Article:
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Review: Carey Mulligan gives her best performance in a decade, in 'Wildlife'

What’s pretty and well acted but slow to build? That would be “Wildlife,” the directorial debut of Paul Dano, a talented actor you’d know best as the tall emo kid from “Little Miss Sunshine” or Daniel Day Lewis’ evangelical adversary in “There Will Be Blood.” He chooses his projects carefully, and his taste is impeccable, which is why his first stab at the helm has been highly anticipated.

A fan of Richard Ford’s 1990 novel of the same name, Dano wrote to the author, gaining the rights to its film adaptation, which he and his long-time partner and fellow actor Zoe Kazan co-wrote. And while I can appreciate its simplicity – each scene is a small, quiet and perfectly-framed work of art in its own way – we often feel as confined as the characters do in their bucolic town.

Jeanette (Carey Mulligan), her husband Jerry (Jake Gyllenhaal) and their 14-year-old son Joe (Ed Oxenbould) struggle to find happiness in 1960s Montana. Jerry is a golf pro who was recently fired. Instead of seeking conventional, decent-paying work in town, he is irrationally drawn to fight the wildfires raging in the forests on the Canadian border.

We, as the audience, don’t quite understand or relate to Jerry’s spontaneous-bordering-on-senseless urge to put his life on the line for little pay. But then again, people have done crazier things, so his pursuit, though we cannot relate, is real and urgent. He leaves immediately.

With Jerry’s departure, Jeanette, the perfect housewife from a bygone era who at first seeks to keep the family intact with a casserole and the blushing promise of finding employment, spins into a mid-life crisis – or perhaps she is coming of age alongside her adolescent son – when she takes a job as a swim instructor and falls for her student, a wealthy car dealer nearly twice her age. The family unit is stretched to its breaking point, held together by its youngest member who comes to the painful realization that his parents are fallible and life can be a wild, tumultuous ride.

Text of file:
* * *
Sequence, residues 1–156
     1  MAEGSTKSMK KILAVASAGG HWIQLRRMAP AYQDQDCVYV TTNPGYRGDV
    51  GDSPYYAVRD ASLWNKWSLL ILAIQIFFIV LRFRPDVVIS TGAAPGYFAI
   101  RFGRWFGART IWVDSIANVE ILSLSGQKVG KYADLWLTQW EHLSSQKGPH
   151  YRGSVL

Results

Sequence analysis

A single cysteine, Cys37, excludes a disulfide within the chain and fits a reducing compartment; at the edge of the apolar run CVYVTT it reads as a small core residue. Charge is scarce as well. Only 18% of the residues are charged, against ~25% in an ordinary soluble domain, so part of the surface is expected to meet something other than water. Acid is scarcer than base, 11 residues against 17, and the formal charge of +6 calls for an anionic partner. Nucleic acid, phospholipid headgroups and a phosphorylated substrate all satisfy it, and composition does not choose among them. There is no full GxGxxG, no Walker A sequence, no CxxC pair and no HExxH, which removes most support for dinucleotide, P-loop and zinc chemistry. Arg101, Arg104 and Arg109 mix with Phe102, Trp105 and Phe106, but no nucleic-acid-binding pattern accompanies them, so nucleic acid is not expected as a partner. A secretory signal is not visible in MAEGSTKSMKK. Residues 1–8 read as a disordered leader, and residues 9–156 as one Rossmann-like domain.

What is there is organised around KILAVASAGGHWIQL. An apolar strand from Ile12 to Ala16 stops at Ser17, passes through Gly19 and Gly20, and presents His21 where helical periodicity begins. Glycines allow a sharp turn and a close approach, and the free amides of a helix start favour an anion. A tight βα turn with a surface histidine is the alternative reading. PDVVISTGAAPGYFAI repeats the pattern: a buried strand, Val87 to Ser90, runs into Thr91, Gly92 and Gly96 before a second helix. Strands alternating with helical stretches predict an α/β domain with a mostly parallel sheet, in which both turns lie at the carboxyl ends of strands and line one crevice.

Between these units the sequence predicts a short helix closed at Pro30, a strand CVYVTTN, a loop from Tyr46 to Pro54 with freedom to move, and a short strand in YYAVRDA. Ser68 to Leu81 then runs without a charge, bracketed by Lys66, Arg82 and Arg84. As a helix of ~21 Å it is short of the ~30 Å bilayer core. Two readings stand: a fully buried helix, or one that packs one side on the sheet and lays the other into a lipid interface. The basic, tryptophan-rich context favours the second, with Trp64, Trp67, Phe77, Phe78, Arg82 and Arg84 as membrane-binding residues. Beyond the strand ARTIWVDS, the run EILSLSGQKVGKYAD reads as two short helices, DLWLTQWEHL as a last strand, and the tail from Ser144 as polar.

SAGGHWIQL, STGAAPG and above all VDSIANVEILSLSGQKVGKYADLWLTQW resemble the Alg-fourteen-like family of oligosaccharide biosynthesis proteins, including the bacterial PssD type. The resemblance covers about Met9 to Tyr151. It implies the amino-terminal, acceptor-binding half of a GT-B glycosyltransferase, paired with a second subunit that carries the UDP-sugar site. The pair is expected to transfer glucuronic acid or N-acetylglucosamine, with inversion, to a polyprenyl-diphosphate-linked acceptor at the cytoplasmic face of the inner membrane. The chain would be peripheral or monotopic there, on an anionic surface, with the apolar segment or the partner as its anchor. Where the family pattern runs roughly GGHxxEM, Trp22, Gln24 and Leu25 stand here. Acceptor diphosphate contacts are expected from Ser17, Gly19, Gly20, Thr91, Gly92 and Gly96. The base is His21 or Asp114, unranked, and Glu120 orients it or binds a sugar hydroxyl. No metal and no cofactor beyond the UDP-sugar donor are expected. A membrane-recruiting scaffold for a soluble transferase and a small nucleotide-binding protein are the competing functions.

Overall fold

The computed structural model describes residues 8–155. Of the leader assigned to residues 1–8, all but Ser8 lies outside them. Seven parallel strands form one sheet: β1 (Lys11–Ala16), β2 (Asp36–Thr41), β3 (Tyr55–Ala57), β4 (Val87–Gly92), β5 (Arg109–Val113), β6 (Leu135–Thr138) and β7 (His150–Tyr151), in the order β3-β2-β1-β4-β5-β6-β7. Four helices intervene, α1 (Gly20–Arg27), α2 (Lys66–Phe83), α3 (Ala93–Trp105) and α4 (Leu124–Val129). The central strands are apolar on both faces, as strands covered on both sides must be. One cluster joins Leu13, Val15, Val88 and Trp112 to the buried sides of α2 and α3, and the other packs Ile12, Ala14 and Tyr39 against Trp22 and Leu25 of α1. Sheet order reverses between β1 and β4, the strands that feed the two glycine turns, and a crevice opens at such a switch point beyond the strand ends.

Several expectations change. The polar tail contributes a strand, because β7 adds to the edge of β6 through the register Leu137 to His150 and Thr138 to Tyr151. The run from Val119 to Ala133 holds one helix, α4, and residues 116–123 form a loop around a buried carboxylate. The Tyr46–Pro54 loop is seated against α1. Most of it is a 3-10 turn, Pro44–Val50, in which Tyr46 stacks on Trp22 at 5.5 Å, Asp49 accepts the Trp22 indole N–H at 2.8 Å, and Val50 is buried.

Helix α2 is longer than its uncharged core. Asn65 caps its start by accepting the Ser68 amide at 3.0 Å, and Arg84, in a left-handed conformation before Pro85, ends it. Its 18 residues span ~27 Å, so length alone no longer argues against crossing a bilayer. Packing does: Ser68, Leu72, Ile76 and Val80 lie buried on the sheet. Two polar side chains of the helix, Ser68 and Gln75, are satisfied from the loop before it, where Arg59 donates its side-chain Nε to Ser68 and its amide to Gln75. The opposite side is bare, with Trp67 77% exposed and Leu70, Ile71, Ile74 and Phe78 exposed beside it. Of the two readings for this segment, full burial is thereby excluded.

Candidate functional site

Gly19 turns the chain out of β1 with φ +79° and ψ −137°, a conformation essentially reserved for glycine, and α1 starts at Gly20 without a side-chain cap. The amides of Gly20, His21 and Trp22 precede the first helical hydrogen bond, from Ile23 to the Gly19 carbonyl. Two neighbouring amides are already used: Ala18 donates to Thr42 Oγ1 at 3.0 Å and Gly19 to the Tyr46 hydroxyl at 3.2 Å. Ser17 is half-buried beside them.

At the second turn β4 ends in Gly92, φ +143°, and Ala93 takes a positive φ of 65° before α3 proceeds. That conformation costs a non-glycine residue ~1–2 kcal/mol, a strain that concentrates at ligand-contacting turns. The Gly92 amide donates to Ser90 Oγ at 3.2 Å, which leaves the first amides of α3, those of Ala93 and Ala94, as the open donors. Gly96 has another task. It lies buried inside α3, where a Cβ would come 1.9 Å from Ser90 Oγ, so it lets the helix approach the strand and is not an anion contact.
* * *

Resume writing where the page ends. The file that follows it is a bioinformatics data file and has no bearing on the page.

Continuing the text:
This is precisely the kind of film we expect to see this time of year, pushing for award consideration with a low concept, character-driven script. In just the last few years with the success of other independently produced movies, films like “Wildlife” have had a fighting chance at reaching an audience. Focusing on its characters rather than quick and dirty plot development, such films attract great talent while maintaining that indie house feel.

“Wildlife” certainly checks those boxes. Uniquely flawed characters? Check. Drama focused around the connections that tie, or tear apart, a family? Check. A cast chock full of indie darlings? Check, check, check. Despite the drama, “Wildlife” is slow. It’s like walking on a treadmill; we’re constantly in motion, through scene after scene, yet it feels like we go nowhere.

Like a still-life painting, the action is in the details. Jeanette’s increasingly manic choices lead her into the arms of an older man who is takes advantage of her naiveté and desperation. Joe’s budding awareness of his deteriorating family unit is visible in his curious stares and worried questions. This is a portrait of a family, not a high adrenaline thriller or even a moderately fast-paced drama.

Above all else, the film is a vessel for its performances. In a pivotal scene, Jeannette drags Joe to dinner with her slimy love interest. They sit in uncomfortable silence. Jeanette flings her carnal charm around the room like Marilyn Monroe, but the result is far from favorable. It is here that Mulligan shines with the timing and vulnerability of the veteran actor she is. We pity Jeanette, but we can’t take our eyes off her wretched runaway train.

“Wildlife” isn’t rosy, and it certainly doesn’t do a song and dance for purely entertainment purposes. This can be a deterrent for many filmgoers seeking lighter fare. But Mulligan gives her best performance in a decade, and what Dano accomplishes is an admirable debut full of heart.

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